DetroitIsIt 2

Musings on What Shinola Hotel’s Art Collection Says About Detroit

Detroit Isn’t a City that Needs Saving, But it Could Always Use a Good Ambassador

Interior of Living Room. Photo by Nicole Franzen for Shinola

Interior of Living Room. Photo by Nicole Franzen for Shinola

Shinola may not be saving anything, but they are good ambassadors of the city. This seems to be the case with the Shinola Hotel, the multi-building collaboration with real estate partner, Bedrock. 

The pictures in this post may be familiar. That’s intentional. They’ve been taken in the hotel’s “living room,” a space Shinola hopes becomes familiar to many Detroiters. While there are plenty of restaurants, bars and cafes in and near the hotel this place is neither. The living room is free from transactions. There are no counters in sight—bar or café—and the room is free of menus. One is not being sold anything—other than, of course, a lifestyle. 

It is an expansive living room with inviting furniture, books worth reading, art worth discussing, a working fireplace and a refreshingly honest intention: create a space for the general public to have an intimate experience of the Shinola brand.  And it works. Part of the reason why, and the heartbeat of the room, is its art collection, curated in collaboration with Library Street Collective. The power of art is the ability to transcend the market to imbue sacred into the everyday. It may be human’s most accessible form of magic, and it’s doing its work at the Shinola Hotel. 

The collection is extensive, containing many internationally recognizable names from galleries and museums alike, including Mario Moore, Greg Fadel, Nick Cave, Robert William Moreland, Scott Reeder and McArthur Binion. 


A few weeks ago

Interior of Living Room. Photo by Nicole Franzen for Shinola

Interior of Living Room. Photo by Nicole Franzen for Shinola

I toured the hotel with Shinola’s Creative Director Daniel Caudill and Library Street Collective’s Director Sara Nickelson, the two people in charge of curating the hotel’s art. It was a lively and informative meeting, but here I will share only the most salient takeaways:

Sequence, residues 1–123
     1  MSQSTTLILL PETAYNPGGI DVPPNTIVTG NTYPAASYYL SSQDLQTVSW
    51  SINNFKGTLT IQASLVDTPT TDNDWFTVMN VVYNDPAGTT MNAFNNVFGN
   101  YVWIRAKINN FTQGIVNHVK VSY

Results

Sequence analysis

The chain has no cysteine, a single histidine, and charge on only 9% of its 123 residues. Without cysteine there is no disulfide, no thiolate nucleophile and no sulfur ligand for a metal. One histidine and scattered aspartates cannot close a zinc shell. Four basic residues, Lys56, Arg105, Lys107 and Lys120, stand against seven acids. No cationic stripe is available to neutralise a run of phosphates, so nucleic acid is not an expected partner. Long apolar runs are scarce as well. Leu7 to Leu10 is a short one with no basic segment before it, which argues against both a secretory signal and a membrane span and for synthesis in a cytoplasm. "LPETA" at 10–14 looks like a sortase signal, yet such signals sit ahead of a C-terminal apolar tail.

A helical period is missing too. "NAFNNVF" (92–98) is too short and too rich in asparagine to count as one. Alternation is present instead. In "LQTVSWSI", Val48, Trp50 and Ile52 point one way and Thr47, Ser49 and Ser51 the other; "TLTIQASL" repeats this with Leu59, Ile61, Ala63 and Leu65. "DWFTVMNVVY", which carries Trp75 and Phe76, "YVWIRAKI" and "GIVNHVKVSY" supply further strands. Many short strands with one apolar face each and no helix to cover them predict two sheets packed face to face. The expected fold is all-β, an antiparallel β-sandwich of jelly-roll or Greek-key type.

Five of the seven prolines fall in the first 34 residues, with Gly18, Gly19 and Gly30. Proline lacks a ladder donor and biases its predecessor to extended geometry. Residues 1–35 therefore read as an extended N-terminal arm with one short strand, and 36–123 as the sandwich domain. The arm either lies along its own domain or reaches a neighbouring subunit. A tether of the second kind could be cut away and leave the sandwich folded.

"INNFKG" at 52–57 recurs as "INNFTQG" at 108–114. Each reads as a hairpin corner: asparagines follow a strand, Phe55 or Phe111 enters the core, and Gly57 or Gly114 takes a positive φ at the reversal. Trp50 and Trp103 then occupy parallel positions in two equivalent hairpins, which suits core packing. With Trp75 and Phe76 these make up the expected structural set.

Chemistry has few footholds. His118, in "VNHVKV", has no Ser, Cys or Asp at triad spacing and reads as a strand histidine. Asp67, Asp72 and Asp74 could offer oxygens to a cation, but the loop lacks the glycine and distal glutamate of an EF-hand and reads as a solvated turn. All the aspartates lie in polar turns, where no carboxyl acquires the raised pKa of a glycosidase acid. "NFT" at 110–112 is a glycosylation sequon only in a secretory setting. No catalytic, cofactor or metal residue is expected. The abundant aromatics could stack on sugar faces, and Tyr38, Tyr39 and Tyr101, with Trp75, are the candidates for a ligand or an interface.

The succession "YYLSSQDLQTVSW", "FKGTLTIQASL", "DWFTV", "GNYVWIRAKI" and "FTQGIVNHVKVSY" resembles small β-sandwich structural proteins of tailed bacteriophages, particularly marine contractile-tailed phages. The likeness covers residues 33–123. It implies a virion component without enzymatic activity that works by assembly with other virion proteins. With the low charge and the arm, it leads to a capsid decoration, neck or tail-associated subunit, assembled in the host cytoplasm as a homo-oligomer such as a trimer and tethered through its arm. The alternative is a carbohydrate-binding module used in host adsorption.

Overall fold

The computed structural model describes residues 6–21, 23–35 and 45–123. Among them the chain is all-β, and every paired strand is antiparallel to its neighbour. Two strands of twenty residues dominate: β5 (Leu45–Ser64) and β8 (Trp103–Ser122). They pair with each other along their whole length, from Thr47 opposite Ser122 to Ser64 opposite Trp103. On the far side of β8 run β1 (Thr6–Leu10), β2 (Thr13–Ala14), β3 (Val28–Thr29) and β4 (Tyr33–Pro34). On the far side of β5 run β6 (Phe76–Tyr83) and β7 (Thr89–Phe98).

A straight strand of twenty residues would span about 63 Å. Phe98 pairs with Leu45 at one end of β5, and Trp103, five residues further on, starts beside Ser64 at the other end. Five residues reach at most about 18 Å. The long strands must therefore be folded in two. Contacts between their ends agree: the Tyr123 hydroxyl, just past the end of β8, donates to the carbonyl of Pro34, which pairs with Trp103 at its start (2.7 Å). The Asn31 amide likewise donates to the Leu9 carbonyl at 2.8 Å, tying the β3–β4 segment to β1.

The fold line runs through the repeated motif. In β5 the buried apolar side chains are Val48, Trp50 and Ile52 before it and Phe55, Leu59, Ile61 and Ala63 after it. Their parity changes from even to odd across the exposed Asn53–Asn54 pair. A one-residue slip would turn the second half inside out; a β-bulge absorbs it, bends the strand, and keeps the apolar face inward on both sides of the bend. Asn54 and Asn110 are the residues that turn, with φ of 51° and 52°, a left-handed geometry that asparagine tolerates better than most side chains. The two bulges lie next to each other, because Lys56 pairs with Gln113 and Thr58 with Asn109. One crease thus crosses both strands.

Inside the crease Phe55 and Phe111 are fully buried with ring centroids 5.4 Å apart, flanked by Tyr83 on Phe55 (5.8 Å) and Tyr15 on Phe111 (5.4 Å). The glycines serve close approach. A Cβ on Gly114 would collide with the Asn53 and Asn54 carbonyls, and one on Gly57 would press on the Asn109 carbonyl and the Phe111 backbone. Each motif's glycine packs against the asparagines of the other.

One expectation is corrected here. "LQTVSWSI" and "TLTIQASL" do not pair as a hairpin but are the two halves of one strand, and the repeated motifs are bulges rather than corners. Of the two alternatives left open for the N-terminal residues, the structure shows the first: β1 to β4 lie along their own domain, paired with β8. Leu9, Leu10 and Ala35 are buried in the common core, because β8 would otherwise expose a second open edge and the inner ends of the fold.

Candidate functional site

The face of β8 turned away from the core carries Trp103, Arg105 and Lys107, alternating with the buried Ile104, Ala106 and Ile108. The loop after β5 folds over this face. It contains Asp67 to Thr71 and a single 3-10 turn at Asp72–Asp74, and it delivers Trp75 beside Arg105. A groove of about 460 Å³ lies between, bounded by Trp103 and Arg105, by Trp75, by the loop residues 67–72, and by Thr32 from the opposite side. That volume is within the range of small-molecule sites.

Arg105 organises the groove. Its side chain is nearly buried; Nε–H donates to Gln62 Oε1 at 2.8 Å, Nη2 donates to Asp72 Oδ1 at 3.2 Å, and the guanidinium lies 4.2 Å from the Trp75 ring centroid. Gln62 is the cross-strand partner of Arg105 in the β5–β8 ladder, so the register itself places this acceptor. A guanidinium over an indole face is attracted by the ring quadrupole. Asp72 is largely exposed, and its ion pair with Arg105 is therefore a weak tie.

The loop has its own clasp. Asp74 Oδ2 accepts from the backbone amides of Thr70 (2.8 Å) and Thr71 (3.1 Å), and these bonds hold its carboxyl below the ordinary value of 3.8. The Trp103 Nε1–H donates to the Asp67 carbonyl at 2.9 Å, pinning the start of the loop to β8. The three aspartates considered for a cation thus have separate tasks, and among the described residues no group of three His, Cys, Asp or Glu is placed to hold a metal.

Shinola’s art collection is charmingly personal, including a piece from Caudill’s young niece. It also contains a work repainted by Nickelson herself. Out of necessity. Not ego. You won’t find her name in the list of artists, but it is a story worth hunting down.  

The living room is everything you’ve ever wanted from a gallery: knowledgeable guides and couches. Each work of art was chosen with great intention. Pick a piece. Any piece. And both Caudill and Nickelson can carry on at length. Similarly, the entire hotel staff has received training on the works and artists. Questions are encouraged. 

The collection is an accurate representation of Detroit’s creative scene.  


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In conclusion 

The art collection at the Shinola is not a survey of Detroit artists, but it does express a simple, often overlooked fact: Detroit is actively engaged in a global art scene. 

Just as artists come to Detroit from cities like NYC and LA, Detroit-based artists travel to other cities to create, teach and exhibit their work. Many of these artists, Detroit-based or otherwise, have shown work together in exhibitions outside of the city.  

This body of work is special to Detroit, but it could easily be in any city.

Shinola didn’t have to think about Detroit to curate a collection that represents the creative richness of this city. Similarly, they didn’t need to hire Detroit-based designers to enhance the Detroit-ness of the building. One cannot separate Detroit’s contributions, past and present, to modern art and design.  

It is this richness that drew Shinolathe brand, to Detroit.  

Shinola isn’t saving Detroit because it doesn’t need saving. It is, and has never stopped being, a city worth engaging.